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Antirealism in the philosophy of mathematics

DOI: 10.4324/9780415249126-Y065-1
Version: v1,  Published online: 1998
Retrieved July 15, 2020, from

Article Summary

Realism in the philosophy of mathematics is the position that takes mathematics at face value. According to realists, mathematics is the science of mathematical objects (numbers, sets, lines and so on); mathematicians, to use the old metaphor, are discoverers, not inventors. Moreover, just as there may be truths about physical reality which we can never know, so too, realists say, there may be truths about mathematical reality which we can never know.

It is this claim in particular which antirealists find unacceptable. Equating what can be known in mathematics with what can be proved, they insist that only what can be proved is true. (Only what can be proved: different accounts of what this ‘can’ means, facing different difficulties, generate different positions.) This leads antirealists to recoil not only from realism but also from the practice of mathematicians themselves. For the orthodox assumption that every mathematical statement is either true or false would be invalidated, on the antirealist view, by a statement that was neither provable nor disprovable. Not that antirealists themselves can see it in these terms. For if a statement were neither provable nor disprovable, that would itself be an unprovable truth about mathematical reality. Antirealists must learn how to be circumspect even in defence of their own circumspection.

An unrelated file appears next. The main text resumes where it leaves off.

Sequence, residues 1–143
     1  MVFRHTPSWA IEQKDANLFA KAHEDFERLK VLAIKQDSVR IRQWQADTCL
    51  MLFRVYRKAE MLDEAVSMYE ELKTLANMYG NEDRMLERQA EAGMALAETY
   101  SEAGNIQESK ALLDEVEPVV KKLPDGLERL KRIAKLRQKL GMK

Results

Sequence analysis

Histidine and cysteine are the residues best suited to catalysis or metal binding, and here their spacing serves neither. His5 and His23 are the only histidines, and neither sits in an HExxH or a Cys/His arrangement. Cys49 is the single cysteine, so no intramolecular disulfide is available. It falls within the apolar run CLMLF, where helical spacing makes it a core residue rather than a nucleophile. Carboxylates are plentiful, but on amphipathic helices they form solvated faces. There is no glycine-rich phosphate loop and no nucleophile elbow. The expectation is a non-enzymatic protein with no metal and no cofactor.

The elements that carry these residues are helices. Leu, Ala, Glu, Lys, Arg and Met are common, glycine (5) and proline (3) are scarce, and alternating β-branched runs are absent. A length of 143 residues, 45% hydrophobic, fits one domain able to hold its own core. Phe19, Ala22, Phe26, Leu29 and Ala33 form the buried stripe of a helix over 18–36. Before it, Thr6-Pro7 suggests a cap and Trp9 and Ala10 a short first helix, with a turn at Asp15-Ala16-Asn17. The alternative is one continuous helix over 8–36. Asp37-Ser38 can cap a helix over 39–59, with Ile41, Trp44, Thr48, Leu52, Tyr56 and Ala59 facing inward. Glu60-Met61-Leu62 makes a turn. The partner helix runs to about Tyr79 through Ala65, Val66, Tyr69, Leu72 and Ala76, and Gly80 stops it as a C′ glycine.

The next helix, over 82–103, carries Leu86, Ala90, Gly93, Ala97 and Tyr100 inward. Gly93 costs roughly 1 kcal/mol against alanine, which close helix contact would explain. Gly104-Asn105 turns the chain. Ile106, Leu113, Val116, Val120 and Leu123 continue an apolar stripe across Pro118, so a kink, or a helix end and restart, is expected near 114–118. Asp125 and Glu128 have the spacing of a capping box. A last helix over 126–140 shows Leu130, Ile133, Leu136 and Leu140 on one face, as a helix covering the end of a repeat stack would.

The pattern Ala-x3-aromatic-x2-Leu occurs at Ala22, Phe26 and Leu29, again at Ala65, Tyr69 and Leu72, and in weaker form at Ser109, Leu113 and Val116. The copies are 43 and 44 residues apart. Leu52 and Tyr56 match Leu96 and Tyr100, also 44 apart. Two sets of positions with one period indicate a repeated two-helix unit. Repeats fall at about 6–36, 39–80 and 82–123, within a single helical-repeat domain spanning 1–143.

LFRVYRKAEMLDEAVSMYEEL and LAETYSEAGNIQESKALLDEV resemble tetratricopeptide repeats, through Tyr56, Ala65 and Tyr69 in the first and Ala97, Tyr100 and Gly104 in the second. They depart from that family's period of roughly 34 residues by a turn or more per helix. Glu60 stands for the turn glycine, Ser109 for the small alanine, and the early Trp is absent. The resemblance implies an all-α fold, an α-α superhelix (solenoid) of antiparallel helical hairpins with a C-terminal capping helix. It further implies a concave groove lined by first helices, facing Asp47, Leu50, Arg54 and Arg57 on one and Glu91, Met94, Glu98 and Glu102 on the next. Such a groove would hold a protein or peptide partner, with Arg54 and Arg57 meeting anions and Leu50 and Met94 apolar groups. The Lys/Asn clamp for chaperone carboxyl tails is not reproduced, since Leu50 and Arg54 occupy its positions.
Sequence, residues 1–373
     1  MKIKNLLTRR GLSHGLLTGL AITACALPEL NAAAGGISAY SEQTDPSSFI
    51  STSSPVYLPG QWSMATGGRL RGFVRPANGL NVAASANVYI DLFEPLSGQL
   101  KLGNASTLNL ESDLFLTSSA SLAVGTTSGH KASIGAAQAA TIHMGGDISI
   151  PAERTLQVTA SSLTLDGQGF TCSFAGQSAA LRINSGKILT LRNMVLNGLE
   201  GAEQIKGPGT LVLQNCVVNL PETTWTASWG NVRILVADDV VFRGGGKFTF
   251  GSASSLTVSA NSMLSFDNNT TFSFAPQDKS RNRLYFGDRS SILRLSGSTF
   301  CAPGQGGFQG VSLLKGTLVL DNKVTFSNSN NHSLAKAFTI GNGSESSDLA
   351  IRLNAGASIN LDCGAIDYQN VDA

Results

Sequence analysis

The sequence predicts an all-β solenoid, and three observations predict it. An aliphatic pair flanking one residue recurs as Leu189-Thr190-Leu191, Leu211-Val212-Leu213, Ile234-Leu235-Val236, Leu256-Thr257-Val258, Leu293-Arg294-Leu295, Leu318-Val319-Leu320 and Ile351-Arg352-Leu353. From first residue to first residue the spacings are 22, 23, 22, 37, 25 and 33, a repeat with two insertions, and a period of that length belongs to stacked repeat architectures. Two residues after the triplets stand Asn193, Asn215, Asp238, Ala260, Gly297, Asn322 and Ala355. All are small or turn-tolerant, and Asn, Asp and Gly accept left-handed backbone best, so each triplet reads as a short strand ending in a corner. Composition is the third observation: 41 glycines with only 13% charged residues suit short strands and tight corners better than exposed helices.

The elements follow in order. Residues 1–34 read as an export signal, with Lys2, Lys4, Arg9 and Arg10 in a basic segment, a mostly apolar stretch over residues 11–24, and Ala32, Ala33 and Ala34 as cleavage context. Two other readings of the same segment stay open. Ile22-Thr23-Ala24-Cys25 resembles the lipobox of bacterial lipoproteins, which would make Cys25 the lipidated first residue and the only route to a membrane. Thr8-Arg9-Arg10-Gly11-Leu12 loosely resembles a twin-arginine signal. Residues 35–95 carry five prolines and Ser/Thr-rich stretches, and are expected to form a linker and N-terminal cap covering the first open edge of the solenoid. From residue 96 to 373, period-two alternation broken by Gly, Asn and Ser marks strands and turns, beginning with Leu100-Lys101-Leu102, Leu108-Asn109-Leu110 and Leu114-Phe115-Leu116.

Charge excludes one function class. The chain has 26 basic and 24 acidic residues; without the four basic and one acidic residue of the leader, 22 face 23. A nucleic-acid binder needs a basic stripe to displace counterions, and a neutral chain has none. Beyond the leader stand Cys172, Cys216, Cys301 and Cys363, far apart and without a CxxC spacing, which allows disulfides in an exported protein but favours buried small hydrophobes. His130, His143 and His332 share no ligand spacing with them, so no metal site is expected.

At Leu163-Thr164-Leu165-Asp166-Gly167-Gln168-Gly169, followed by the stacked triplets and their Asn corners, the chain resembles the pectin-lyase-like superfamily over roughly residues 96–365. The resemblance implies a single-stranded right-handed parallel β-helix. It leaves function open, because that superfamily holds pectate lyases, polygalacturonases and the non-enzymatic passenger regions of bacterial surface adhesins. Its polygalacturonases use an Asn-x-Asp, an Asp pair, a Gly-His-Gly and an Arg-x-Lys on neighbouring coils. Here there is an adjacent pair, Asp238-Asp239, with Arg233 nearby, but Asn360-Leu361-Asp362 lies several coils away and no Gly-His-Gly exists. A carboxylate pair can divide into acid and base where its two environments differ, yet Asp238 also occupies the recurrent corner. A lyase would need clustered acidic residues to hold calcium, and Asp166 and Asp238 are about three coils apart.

Citing this article:
Moore, A.W.. Antirealism in the philosophy of mathematics, 1998, doi:10.4324/9780415249126-Y065-1. Routledge Encyclopedia of Philosophy, Taylor and Francis,
Copyright © 1998-2020 Routledge.

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